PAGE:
Lords vote to protect legal aid for children!
27th March 2012
Peers voted today in favour of an amendment to protect civil legal aid for all children under the age of 18. The vote, held during a debate on the Third Reading of the Legal Aid Bill in the House of Lords, represents a major victory for the JustRights campaign, which has been leading efforts to protect children and young people since the Bill was published.
The amendment – which was led by Baroness Tanni Grey-Thompson, the cross-bench peer and former paralympian, and was also signed by two Tory peers and one Lib Dem peer – brings back into scope of the legal aid scheme all civil legal aid cases where a child under the age of 18 needs advice, assistance or representation in their own right, independently from parents/carers. However, we will now have to work hard to prevent the amendment being reversed when the Bill returns to the House of Commons on 17th April. There remains a danger that the Government will invoke ‘financial privilege’ to overturn all of the 11 defeats they have suffered in the Lords on the Legal Aid Bill.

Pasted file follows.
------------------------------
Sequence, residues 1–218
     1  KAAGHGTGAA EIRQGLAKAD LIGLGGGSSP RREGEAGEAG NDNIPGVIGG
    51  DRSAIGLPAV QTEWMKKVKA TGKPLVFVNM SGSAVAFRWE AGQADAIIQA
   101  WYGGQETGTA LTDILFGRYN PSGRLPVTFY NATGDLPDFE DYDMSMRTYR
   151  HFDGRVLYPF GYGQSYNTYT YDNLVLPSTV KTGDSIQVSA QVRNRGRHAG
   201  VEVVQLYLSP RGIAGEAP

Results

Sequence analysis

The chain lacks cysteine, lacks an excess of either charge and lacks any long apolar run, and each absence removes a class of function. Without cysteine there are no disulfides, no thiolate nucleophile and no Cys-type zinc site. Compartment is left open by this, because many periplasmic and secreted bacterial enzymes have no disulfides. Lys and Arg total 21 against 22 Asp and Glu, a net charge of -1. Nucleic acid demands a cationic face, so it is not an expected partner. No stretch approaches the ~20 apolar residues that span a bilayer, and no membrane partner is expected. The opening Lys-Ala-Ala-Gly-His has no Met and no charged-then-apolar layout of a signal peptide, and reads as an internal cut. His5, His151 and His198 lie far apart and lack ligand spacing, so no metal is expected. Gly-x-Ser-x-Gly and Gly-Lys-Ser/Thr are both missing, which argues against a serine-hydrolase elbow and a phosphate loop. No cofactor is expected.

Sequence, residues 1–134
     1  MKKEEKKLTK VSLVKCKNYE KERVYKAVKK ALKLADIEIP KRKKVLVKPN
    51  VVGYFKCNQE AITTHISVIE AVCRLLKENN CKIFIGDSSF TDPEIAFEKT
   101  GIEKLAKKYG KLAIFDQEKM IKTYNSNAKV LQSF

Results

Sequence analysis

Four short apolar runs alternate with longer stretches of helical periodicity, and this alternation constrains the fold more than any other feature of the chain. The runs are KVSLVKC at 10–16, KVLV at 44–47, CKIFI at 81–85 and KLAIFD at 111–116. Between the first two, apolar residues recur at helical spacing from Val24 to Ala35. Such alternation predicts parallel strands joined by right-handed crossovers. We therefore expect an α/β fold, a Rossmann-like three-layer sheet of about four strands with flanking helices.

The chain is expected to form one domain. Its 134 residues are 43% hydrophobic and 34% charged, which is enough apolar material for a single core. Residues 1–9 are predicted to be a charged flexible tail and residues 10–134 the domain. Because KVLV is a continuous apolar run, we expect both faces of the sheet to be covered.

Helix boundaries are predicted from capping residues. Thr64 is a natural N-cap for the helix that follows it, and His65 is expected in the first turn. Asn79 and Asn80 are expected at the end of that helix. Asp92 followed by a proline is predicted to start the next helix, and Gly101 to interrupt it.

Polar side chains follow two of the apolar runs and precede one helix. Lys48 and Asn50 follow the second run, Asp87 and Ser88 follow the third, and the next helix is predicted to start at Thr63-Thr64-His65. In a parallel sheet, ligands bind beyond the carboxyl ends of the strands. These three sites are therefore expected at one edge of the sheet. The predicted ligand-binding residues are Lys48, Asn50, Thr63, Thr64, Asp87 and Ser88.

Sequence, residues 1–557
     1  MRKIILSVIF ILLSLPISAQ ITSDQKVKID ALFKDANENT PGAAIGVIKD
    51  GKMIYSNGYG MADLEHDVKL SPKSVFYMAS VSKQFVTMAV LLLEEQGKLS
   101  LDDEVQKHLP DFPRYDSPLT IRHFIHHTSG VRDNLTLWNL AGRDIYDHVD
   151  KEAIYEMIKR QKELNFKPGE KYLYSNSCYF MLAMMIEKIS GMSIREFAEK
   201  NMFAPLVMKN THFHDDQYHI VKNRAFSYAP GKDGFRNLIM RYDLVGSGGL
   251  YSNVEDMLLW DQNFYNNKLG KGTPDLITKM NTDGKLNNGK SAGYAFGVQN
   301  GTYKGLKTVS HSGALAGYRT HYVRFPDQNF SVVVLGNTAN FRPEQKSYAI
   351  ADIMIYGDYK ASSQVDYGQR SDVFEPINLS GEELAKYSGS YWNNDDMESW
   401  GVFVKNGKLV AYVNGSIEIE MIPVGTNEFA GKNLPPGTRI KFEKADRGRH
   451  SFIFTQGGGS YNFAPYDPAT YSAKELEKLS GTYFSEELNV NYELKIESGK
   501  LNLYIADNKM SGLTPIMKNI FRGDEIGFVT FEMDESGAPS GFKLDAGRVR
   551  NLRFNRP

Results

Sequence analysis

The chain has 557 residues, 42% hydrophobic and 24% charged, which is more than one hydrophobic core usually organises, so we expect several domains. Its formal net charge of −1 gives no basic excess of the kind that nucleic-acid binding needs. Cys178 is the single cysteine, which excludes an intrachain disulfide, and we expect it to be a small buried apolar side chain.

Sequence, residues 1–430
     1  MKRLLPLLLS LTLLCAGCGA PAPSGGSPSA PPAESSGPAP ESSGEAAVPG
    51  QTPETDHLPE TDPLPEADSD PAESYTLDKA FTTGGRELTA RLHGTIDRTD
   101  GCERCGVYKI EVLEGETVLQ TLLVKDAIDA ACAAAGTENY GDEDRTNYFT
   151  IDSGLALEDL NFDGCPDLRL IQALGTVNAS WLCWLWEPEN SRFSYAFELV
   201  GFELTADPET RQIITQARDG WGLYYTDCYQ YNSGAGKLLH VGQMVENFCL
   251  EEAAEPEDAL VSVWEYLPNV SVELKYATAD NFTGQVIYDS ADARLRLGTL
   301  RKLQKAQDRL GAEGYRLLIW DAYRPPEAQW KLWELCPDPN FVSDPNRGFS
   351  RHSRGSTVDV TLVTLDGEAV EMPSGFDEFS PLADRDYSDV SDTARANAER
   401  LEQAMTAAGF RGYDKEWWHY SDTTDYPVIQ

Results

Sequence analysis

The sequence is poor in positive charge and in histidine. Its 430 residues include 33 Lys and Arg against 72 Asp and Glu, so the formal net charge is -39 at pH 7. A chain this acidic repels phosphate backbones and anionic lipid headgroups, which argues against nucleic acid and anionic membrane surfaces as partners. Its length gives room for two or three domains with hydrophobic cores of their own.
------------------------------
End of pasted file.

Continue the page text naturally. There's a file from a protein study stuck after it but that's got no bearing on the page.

Peers unfortunately voted against our other amendment, led by Baroness Howe of Idlicote, that would have protected vulnerable young people aged 18-24, including care leavers and young people with a disability. In effect, peers decided that a 17 year old is vulnerable enough to deserve legal aid, but an 18 year old (even one with a learning disability or mental health problem) should be able to navigate the system without specialist help. There is clearly a need to keep educating everybody (including politicians and the legal advice sector) about the needs and vulnerability of this age group. However, we certainly don’t think our attempts to protect legal aid for vulnerable young people have been in vain. As well as helping to win a concession on victims of trafficking, which the minister said today would be extended to cover immigration cases, we have certainly raised awareness of the issues and there may be scope to test the Government’s rules for "exceptional cases” to ensure they cover this group.
Read the full debate on the C&YP amendments in Hansard – well worth reading for the many powerful speeches in favour of our amendments.